(File pix) There are many factors that contribute to an accident. One, of course, is the state of the driver. (BERNAMA)

ANOTHER bus tragedy. Again. This time, it is a factory bus ramming into another stationary factory bus. Eight deaths and several seriously injured. The bus bore the worn-out look of a vehicle that had seen years of service. It is time for everyone, from the Transport Ministry to Puspakom, to revisit the inspection process of commercial vehicles. There is a lot of truth to the statement that “accidents don’t just happen, they are caused”. Even the word “accident” is itself a misnomer because it suggests an unfortunate incident that happens.

There are many factors that contribute to an accident. One, of course, is the state of the driver. Is he qualified to drive, and if so, was he well-rested? While bus companies bear the responsibility to ensure that their drivers are fit to be on the road ferrying people, the authorities are statute-bound to compel the operators to ferry the passengers safely to their destinations. Then, there is the state of the bus. Some buses, especially Bas Pekerja, are in such dilapidated condition that they seem to have outlived their purpose. In 2007, a bus that was involved in an accident that killed six and injured many severely, was found to be 16 years old. At that age, the bus is just some worn-out metal hanging on for dear life. A research into the bus’s history revealed that the vehicle’s structure was rickety with rust. Little wonder that the roof of the bus came off so easily, and the rest of the body collapsed on the passenger cabin like a concertina gate. If the integrity of the bus’s structure was not compromised, the impact might have been less severe.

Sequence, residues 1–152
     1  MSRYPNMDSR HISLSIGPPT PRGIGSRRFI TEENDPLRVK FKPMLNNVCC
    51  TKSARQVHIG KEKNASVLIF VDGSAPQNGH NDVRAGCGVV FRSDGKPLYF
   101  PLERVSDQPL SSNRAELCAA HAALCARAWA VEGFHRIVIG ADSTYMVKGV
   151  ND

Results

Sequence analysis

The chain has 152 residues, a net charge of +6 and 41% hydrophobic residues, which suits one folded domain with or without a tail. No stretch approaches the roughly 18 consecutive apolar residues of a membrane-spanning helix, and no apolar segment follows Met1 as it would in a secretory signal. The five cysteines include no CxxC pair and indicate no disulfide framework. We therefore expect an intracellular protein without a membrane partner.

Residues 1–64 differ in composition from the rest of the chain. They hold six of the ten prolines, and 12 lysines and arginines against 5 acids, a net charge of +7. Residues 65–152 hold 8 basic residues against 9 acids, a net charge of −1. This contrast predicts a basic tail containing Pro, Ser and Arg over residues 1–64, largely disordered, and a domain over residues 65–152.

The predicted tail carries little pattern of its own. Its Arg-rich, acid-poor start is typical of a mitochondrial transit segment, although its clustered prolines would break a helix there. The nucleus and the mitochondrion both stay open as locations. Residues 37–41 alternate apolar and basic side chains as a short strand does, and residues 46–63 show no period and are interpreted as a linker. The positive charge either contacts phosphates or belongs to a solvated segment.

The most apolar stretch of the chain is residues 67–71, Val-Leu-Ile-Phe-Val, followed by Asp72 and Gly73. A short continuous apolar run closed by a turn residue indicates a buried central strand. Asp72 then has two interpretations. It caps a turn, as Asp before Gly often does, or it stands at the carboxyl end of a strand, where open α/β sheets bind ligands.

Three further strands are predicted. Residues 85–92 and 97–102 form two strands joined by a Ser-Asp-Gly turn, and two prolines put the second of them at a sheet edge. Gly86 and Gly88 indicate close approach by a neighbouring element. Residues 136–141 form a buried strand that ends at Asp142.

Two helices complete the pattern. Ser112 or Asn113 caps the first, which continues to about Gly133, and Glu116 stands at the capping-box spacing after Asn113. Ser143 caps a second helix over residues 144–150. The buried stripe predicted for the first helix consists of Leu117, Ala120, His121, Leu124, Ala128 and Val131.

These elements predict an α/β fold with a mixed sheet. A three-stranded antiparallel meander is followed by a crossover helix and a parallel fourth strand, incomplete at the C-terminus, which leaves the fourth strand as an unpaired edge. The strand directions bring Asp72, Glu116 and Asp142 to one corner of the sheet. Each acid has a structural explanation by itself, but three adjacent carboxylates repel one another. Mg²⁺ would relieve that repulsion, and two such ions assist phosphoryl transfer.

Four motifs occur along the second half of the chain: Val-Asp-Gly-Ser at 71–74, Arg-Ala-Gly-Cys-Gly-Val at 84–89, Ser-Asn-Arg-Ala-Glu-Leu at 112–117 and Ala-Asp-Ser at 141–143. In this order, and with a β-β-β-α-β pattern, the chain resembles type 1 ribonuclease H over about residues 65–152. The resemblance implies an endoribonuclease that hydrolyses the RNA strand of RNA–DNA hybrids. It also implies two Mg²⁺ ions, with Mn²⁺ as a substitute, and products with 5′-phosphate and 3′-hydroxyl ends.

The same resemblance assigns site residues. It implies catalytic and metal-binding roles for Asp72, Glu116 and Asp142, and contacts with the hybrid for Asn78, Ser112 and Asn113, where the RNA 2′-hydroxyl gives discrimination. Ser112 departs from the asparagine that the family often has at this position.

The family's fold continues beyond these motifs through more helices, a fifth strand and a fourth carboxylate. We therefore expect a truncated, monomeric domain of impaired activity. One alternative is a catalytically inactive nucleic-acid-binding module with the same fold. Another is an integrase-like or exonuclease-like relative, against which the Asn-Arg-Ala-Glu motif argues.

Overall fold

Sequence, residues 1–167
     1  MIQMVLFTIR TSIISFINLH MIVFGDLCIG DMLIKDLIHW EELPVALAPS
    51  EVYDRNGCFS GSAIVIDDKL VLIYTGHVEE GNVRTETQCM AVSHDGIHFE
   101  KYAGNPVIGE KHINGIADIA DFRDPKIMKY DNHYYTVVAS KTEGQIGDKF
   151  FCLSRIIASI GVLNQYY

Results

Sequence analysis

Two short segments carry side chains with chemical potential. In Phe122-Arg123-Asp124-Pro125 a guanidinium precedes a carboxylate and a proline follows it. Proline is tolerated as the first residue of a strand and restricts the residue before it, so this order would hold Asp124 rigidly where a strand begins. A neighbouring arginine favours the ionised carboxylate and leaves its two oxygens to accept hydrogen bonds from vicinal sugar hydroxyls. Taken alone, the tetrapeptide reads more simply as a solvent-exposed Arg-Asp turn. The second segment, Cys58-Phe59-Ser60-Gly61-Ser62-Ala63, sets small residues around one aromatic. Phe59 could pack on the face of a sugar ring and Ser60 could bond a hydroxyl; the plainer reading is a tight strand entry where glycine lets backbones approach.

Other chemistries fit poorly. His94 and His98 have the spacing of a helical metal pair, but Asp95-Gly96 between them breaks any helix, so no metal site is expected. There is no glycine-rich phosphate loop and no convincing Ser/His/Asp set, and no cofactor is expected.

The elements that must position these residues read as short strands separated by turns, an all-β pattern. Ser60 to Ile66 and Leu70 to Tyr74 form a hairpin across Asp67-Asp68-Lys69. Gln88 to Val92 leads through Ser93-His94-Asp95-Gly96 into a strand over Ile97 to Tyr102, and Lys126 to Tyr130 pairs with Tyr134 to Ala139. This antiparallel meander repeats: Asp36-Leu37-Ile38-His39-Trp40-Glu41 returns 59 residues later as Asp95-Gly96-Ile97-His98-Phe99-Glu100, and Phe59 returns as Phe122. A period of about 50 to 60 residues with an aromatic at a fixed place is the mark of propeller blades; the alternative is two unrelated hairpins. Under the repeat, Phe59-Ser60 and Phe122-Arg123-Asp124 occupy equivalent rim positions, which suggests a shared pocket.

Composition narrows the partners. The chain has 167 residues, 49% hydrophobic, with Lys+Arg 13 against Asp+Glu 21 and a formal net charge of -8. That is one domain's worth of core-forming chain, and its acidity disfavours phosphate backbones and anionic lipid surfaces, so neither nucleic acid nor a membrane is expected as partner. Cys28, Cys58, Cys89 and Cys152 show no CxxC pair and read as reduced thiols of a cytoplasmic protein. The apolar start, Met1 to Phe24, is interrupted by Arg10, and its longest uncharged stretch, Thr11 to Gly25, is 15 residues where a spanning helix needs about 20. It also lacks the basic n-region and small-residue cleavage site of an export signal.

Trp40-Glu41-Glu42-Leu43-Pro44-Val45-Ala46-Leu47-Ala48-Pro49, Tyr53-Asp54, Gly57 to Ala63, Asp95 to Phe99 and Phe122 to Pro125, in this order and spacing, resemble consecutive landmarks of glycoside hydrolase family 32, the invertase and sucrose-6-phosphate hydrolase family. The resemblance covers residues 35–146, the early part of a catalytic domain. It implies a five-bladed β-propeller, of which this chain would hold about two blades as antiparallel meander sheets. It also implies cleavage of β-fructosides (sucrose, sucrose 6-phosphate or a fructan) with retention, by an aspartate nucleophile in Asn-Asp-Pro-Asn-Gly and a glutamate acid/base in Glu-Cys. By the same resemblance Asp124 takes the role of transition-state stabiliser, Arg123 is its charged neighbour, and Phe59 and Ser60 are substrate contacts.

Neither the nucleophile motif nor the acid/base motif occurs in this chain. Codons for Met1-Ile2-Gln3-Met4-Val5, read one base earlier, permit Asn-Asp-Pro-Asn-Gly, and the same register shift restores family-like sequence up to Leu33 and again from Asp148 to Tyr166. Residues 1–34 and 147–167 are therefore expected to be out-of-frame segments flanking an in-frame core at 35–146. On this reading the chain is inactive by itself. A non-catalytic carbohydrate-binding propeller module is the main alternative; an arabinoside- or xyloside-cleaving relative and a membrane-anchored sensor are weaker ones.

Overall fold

In a study conducted by Universiti Teknologi Malaysia, the Malaysian Institute of Road Safety Research (Miros) was quoted as saying that 23 per cent of accidents involving commercial vehicles in 2012 was due to the structural integrity being compromised. We know that commercial vehicles are required to be inspected by Puspakom every six months. But this is after the bus has been put together and it is hard to tell if the steel structure is rusty, or if the welding and jointing process has met safety requirements. Who’s to tell? It is time that Puspakom’s inspection extend beyond undercarriage checks to the manufacturing process of the bus, especially for buses that are retrofitted. Surely, a cause that contributes to close to a quarter of the reason for accidents deserves a closer inspection. Human factors, too, need a close watch. As the driver ages, sensory processing will naturally be affected and, add distraction and fatigue to this, then we have a lethal formula for accidents. The bus companies must ensure that their business is operated in a responsible manner, which means their vehicles and the people who operate them are fit for the purpose. Judging from the number and frequency of accidents involving commercial vehicles on our federal and state roads, the bus companies do not seem to be that responsible. Perhaps, making the directors of these companies liable may be the answer.

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